For context for future readers, this has to do with animation easing
functions from another thread
have not constructed such a library, so I won't comment.
On Wednesday, October 12, 2016 at 2:43:58 PM UTC-5, Zinggi wrote:
> I also think that comparing functions should just compare them by
> reference, this should cover the most common cases.
> Another possible solution: What about a compile time error? Is this
> On Wednesday, 12 October 2016 18:48:12 UTC+2, Mark Hamburg wrote:
>> As discussed elsewhere, the runtime exception related to function
>> equality comparisons is a lurking time bomb for code that is really only
>> addressed on a multi-developer project by being paranoid both about
>> functions in data structures and use of the equality operator. Both points
>> of paranoia get in the way of writing "good" code. There are other
>> arguments around things like serialization for avoiding using functions in
>> some places, but there are lots of other places where it is extremely
>> useful to put functions in data structures. (Imagine writing an effects
>> manager if it couldn't store functions in its data structures.)
>> Full equality tests are, as I understand it, undecidable. That doesn't
>> mean, however, that some limited analysis can't prove equality in most of
>> the conditions that matter. In fact, the existing code doesn't always throw
>> an exception. It only throws an exception if an "allocation identity" test
>> fails. One could extend this to looking at the "code pointer" and
>> allocation identity for the closure values and probably get many of the
>> remaining cases that mattered. It's just a matter of how far one wants to
>> push when trying to prove or disprove equality and I'm not arguing for a
>> particular limit here.
>> Rather, I think the central issue is around what happens when we give up.
>> At that point, there are two choices: throw a runtime exception as happens
>> now or return false. As mentioned above and discussed at further length
>> elsewhere, the runtime exception leads to paranoid coding. What are the
>> issues with returning false? The big problem with returning false is that
>> this means that some compiler optimizations might then change cases that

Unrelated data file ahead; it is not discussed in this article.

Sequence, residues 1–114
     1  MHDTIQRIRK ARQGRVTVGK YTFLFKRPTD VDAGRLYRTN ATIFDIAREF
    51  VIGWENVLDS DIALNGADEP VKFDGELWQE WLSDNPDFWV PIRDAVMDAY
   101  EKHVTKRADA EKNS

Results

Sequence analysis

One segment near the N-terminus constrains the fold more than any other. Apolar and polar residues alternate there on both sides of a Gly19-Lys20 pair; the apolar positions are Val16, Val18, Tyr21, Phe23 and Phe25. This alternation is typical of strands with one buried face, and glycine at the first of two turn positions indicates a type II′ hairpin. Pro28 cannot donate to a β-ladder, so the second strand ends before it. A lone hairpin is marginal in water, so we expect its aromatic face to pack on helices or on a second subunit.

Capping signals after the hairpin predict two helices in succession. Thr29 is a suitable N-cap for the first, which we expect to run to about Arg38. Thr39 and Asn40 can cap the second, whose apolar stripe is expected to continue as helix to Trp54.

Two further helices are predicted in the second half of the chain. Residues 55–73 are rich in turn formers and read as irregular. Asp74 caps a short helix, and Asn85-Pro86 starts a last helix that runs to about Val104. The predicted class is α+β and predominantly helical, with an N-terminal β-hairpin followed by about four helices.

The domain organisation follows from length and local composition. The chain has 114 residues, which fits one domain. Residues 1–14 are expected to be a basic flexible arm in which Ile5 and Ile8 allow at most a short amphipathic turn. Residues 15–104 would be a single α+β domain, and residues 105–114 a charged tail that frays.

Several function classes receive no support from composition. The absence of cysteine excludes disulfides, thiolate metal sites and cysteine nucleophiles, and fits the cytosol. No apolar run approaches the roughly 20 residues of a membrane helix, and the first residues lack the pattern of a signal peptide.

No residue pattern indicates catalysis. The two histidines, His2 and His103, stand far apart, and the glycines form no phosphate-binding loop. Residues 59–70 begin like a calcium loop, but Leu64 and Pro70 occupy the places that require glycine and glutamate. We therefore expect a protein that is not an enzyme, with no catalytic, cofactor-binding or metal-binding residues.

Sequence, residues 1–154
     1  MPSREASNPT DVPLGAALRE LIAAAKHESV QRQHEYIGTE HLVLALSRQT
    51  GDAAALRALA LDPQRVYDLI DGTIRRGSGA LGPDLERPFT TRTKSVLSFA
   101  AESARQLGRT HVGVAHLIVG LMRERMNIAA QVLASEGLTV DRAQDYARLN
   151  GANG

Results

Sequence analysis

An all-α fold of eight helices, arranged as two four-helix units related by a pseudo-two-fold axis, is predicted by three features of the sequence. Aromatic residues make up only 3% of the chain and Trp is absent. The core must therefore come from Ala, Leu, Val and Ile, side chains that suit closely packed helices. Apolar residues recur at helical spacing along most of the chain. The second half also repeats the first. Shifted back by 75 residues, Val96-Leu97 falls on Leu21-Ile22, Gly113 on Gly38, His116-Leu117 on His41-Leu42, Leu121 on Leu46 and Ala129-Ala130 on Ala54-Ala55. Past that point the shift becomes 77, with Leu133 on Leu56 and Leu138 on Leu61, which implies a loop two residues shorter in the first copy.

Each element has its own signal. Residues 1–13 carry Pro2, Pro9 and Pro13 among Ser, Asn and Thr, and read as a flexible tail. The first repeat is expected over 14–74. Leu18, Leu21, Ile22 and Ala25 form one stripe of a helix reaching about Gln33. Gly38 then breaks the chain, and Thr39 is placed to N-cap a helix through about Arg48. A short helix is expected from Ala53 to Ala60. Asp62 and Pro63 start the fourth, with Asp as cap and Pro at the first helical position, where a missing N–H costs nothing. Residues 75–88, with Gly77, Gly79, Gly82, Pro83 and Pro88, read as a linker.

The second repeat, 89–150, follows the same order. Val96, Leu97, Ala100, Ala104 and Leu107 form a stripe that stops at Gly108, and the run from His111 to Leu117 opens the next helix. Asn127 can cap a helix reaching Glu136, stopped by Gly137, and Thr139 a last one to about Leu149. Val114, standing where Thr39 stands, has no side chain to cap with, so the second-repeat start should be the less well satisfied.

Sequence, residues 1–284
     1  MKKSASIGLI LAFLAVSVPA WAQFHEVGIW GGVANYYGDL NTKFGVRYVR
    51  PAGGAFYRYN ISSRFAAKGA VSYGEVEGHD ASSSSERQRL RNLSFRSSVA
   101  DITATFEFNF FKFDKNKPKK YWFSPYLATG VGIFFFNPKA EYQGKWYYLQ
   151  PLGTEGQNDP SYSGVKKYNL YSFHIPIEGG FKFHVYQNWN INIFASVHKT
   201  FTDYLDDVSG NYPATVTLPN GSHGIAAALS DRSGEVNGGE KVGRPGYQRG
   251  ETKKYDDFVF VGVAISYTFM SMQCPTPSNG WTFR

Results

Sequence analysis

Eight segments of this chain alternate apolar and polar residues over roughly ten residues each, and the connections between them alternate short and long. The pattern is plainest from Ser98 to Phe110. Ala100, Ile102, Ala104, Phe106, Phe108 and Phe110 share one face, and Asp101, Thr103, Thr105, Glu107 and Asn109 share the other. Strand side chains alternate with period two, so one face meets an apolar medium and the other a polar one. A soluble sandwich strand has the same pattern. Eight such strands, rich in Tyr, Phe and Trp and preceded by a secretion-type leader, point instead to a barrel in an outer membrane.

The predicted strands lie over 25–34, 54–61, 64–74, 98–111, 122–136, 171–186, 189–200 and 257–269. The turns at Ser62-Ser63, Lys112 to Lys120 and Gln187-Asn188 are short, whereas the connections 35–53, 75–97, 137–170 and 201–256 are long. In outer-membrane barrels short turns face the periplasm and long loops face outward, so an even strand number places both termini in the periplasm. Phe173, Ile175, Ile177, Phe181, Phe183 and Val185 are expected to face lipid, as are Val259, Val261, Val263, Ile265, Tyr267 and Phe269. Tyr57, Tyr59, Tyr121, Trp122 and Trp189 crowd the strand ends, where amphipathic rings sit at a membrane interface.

>> returned false without the optimizations into cases that returned true and
>> people become understandably uncomfortable with the possibility that
>> compiler optimizations could change the meaning of programs. And with that,
>> I've more or less wanted a "return false" answer but convinced myself that
>> throwing an exception wasn't unjustified and that maybe what we needed
>> instead was type system support to avoid the issue.
>> But then this morning's discussion of the virtual DOM had me realizing
>> that runtime optimizations around when the render-diff-patch algorithm gets
>> run create significant potential for variable program behavior. We embrace
>> these optimizations even though they introduce non-determinism. Now, its
>> non-determinism at the level of the physical DOM rather than the values
>> produced in Elm itself — i.e., runtime v linguistic non-determinism — but
>> its non-determinism in one of the most fundamental parts about how Elm is
>> generally used so that distinction seems somewhat arbitrary.
>> I think Elm makes the right call on the DOM. Maybe it should log cases
>> where the DOM logic can recognize that there might be a problem, but I
>> think this is overall a tradeoff worth making.
>> But by the same argument, I think Elm programs would be better if the
>> runtime exception for function equality comparisons was replaced with a
>> false result even though it might actually be true. And if it's really
>> irksome, then it could generate a log statement as well.
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